Family law and vaccinations: what you need to know


Vaccination is a divisive topic. When parents separate and can’t agree when a child should be vaccinated or not, this can become an even bigger issue.

As with any dispute surrounding arrangements for children, the ‘best interests of the child’ is the paramount consideration. If the dispute surrounds whether or not to vaccinate a child, then each party must provide evidence supporting why their position is in the best interests of the child.

Generally, those arguing ‘against’ vaccination will argue that vaccinations put the children at risk due to potentially harmful side effects whilst those arguing ‘for’ vaccination will say that the risk of contracting dangerous illness or disease is far greater than the risk associated with potential side effects.

When it comes to making a decision about health issues, there is a presumption that parents will make a joint decision about the health issues for the children. If no agreement can be reached, then the parties can ask the Family Court to decide. The Judge will have to weigh up both parties’ competing proposals and the relevant evidence and consider what is in the best interests of the child.

Examples of this issue in some recent case law include:

• In 2014, one case focused on two children who were unvaccinated due to the mother’s unwavering opposition to vaccinations however after separation the father became increasingly concerned for the children as they were not permitted to participate in extra-curricular activities without vaccinations. Ultimately the Court decided after hearing all of the evidence (which included expert evidence from medical professionals), in favour of vaccination and the disadvantages to the children significantly outweighed any alleged risk of harm to the children by being vaccinated, specifically noting “there is no evidence before the Court that these particular children would be adversely affected by being vaccinated”. As such an Order was made in favour of the father’s application for the children to be vaccinated.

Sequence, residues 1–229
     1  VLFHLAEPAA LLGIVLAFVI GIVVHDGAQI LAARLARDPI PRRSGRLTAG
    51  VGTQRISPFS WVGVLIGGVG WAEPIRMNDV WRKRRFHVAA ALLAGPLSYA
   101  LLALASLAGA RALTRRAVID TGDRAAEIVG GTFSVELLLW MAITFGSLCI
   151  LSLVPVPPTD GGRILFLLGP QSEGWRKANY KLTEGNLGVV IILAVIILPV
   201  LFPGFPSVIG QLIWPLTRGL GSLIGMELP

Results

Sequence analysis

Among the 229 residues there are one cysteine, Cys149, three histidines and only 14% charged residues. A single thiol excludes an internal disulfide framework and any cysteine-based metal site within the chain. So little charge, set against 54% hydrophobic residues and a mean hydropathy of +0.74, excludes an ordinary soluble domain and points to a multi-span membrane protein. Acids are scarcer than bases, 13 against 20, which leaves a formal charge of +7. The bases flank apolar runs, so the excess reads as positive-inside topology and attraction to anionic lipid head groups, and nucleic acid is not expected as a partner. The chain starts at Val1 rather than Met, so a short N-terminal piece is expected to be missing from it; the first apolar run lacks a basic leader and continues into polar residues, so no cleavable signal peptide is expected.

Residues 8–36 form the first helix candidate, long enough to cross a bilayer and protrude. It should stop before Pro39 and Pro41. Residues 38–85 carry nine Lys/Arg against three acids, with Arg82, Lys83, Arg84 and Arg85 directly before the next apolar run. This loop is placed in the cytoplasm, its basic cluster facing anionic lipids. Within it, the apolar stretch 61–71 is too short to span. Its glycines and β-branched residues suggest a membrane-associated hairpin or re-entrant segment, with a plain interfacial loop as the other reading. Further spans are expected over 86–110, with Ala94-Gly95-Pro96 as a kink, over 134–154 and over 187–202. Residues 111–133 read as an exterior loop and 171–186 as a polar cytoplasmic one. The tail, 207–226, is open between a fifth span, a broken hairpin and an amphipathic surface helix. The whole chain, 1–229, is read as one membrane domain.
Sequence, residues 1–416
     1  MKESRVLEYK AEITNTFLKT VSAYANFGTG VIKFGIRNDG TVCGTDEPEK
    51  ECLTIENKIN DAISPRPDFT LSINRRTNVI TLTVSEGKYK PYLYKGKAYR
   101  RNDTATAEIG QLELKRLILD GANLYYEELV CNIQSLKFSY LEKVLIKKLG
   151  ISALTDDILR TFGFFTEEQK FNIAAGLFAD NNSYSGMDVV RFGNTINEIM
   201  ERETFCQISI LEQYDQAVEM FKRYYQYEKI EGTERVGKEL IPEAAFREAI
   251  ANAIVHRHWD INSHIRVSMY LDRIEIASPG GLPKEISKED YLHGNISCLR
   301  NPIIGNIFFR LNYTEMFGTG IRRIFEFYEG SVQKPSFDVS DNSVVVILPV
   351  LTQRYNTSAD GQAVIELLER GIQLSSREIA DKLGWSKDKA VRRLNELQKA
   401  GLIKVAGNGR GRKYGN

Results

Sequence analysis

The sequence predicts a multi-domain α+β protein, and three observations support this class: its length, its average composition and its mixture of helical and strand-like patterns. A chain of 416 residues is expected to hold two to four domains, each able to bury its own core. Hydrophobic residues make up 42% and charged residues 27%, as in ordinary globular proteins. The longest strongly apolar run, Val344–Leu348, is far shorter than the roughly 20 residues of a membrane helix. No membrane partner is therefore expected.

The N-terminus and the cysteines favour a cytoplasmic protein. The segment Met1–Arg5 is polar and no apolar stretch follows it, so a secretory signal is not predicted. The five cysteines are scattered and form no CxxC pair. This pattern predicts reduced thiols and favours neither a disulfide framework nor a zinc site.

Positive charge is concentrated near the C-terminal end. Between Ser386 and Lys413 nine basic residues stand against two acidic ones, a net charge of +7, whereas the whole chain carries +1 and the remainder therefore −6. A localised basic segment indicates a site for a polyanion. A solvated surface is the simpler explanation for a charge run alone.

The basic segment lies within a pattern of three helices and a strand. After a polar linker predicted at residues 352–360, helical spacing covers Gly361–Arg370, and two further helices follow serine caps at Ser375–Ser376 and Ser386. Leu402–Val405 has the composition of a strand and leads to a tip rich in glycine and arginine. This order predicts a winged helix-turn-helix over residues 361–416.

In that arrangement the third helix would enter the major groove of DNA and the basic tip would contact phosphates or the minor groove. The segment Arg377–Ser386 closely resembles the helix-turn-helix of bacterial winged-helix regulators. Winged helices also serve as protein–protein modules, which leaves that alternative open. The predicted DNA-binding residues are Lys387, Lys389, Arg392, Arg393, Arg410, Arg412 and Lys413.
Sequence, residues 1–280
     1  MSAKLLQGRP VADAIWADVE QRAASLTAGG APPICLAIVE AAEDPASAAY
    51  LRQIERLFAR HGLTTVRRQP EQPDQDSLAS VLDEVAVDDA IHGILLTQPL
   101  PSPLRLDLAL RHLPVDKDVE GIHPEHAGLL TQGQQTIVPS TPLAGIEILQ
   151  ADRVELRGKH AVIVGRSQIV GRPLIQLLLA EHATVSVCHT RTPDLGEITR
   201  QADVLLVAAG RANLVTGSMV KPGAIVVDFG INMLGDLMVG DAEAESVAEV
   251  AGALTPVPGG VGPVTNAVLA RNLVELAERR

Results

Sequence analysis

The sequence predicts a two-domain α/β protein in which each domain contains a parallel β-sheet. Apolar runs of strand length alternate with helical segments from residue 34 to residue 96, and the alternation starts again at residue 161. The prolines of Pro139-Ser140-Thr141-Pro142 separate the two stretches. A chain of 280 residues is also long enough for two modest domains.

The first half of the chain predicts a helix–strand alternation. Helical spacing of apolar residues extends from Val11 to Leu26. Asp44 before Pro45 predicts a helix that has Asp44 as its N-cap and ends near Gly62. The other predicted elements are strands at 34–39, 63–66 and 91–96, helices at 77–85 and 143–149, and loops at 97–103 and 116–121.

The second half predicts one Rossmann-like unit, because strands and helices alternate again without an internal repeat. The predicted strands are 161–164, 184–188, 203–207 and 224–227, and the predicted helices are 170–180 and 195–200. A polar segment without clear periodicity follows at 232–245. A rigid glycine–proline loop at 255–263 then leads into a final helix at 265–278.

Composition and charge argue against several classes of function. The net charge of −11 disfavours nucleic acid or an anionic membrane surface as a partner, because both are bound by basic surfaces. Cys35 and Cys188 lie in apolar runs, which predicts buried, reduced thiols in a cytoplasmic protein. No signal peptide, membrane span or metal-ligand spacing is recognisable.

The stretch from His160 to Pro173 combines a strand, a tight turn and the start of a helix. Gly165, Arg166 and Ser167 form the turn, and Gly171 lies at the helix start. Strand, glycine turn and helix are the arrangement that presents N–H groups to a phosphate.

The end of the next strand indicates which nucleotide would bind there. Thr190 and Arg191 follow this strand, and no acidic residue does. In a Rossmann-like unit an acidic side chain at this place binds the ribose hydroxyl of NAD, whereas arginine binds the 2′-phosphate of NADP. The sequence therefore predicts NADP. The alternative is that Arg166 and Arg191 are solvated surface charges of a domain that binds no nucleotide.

• In 2015, a case where the parties were in disagreement about whether or not the child should be vaccinated and the mother sought an order restraining the father from taking steps to vaccinate the child without her consent. The Court was critical of the mother for seeking such an order in circumstances where she conceded that she would never provide consent for the child to be vaccinated because she was opposed to vaccinations entirely. Additionally, whilst the mother had filed evidence with the Court from various practitioners in support of her position about vaccinations, the Court was not persuaded that the practitioners who gave the evidence were qualified to discuss the topic of vaccinations and as such decided there was no evidence in support of the mother’s position saying that it was “not persuaded that an order restraining the father from having the child vaccinated is appropriate for the child’s welfare or in his best interests”.

Final thought

The key take aways from these examples, is that whilst the Family Court will consider the parent’s beliefs and views about vaccination, the Court is more likely to consider expert medical and scientific evidence to allow the Court to consider what Order would be in the child’s best interests. Additionally, the Court must consider the facts on a case-by-case basis.

If you are having difficulties reaching agreement as to whether your child or children should be vaccinated, then we recommend that you seek advice from one of our experienced family law solicitors on (02) 9523 5535.

What do you think?

We would love to hear your thoughts! Feel free to submit your comments below or comment on our Facebook Page or LinkedIn.

0 replies

Leave a Reply

Want to join the discussion?
Feel free to contribute!

Leave a Reply